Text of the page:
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PEGI adds in-game purchase warning to boxed games

Descriptor will be added to physical releases by the end of the year

European games ratings board PEGI has announced it will add warnings about in-game purchases to boxed games in the coming months.

A new descriptor, pictured below, will be included in the information on the box of any title that offers the possibility of further spending after purchases - for example, on booster items or loot boxes.

PEGI notes it already uses such a descriptor for digital-only games via the IARC (International Age Rating Coalition) system, but will now ensure these also appear on the packaging of physical releases. This is expected to come into effect by the end of the year.

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It's a move that follows last year's controversy over loot boxes and other titles that gave players the option to spend real money on random virtual items - a trend that has since prompted authorities to question whether such mechanics constitute gambling.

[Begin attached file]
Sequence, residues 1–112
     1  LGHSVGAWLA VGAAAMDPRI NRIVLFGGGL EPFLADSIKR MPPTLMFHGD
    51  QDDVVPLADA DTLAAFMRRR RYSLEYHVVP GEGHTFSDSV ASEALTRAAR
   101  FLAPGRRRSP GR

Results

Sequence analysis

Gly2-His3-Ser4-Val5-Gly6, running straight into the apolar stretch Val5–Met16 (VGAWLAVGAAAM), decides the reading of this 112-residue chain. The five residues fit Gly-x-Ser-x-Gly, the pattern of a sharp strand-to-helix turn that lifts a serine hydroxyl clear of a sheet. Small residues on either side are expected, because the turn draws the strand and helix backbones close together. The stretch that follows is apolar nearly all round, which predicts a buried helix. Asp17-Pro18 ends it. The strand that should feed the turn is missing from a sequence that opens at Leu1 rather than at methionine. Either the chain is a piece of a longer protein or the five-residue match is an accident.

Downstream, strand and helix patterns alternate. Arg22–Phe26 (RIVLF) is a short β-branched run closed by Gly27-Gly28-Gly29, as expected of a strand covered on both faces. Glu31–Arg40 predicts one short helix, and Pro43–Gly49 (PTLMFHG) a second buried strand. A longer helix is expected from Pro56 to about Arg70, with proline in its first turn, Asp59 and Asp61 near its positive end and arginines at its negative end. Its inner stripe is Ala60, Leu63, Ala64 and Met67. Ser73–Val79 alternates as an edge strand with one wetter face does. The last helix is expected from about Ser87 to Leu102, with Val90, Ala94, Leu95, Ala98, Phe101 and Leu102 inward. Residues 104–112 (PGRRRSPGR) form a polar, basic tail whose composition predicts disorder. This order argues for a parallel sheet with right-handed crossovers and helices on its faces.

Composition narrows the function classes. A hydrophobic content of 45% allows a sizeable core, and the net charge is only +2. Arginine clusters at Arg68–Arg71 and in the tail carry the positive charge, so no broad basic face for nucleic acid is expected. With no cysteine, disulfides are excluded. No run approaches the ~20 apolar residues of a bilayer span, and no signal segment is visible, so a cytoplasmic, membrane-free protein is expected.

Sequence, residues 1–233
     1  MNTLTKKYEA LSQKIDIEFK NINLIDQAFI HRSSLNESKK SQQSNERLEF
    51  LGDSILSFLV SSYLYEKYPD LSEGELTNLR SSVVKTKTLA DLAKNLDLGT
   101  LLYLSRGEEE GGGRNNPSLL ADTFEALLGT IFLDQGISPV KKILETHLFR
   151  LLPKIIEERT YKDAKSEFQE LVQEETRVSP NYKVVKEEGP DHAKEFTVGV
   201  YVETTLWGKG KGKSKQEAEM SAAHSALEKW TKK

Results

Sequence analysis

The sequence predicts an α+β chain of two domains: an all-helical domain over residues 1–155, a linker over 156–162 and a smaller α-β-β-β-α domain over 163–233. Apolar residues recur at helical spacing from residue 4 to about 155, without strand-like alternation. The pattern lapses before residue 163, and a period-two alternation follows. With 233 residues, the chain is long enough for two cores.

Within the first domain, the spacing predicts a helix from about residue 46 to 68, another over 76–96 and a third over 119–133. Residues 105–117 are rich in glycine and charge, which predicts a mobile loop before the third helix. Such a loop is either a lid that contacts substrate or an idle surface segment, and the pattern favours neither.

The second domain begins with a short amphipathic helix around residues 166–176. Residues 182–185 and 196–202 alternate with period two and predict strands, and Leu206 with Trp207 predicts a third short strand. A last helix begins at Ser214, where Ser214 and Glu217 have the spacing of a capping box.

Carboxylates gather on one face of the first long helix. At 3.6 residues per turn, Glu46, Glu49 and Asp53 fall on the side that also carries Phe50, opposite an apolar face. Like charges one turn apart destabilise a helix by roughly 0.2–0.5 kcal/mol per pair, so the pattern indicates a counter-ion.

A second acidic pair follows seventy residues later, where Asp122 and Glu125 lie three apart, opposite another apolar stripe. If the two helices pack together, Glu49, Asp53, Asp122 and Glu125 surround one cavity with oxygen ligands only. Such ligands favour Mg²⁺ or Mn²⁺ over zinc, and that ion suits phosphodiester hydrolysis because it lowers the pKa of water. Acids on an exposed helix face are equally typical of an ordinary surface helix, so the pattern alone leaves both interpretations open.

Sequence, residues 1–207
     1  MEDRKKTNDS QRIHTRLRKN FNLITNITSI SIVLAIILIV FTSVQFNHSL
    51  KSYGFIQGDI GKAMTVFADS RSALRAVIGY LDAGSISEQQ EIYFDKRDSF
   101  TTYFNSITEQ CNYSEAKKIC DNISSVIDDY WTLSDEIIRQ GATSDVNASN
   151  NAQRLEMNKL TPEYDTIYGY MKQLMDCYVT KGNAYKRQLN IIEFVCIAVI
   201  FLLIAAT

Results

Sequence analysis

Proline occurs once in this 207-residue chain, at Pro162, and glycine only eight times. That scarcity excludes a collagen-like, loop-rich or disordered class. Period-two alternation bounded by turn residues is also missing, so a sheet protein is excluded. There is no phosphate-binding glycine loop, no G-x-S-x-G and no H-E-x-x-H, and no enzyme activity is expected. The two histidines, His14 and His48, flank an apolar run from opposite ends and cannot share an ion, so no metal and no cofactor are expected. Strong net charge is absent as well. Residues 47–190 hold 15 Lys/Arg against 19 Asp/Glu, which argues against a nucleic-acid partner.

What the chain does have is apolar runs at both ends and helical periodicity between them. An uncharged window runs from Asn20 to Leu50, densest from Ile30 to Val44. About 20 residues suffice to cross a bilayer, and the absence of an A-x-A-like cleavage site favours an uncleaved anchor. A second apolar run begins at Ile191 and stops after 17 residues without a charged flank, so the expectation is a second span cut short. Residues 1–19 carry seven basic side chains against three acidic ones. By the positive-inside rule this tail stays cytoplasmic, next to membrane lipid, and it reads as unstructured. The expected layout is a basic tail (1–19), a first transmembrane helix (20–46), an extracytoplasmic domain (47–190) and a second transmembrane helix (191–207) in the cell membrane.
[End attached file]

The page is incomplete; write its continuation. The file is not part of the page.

Most recently, Belgium and the Netherlands have been taking a firm stance on this, leading to the removal of in-game purchases from key titles such as NBA 2K, Overwatch and Counter-Strike.

"Purchase offers within games has become a broad phenomenon, and it is necessary to provide the same level of consumer information on both physical and digital releases," says PEGI managing director Simon Little. "Considering that physical releases are an important part of the market, this was an important gap to fill.

"For a parent who may not be fully familiar with the video games landscape, seeing this simple descriptor on the packaging of a game they consider buying should trigger the reflex of keeping an eye on the gameplay, once the game has been purchased and given to the child. It's basic information, but that's what parents sometimes feel they are lacking."

The PEGI announcement cites an Ipsos consumer survey that suggests the amount of children investing without parents' knowledge may not be as dire as the industry's critics think. Only 40 per cent of parents to game-playing children said their youngsters spend money in-game, and over 80 per cent have an agreement in place about this spending.

Only two per cent of parents do not monitor their children's spending.

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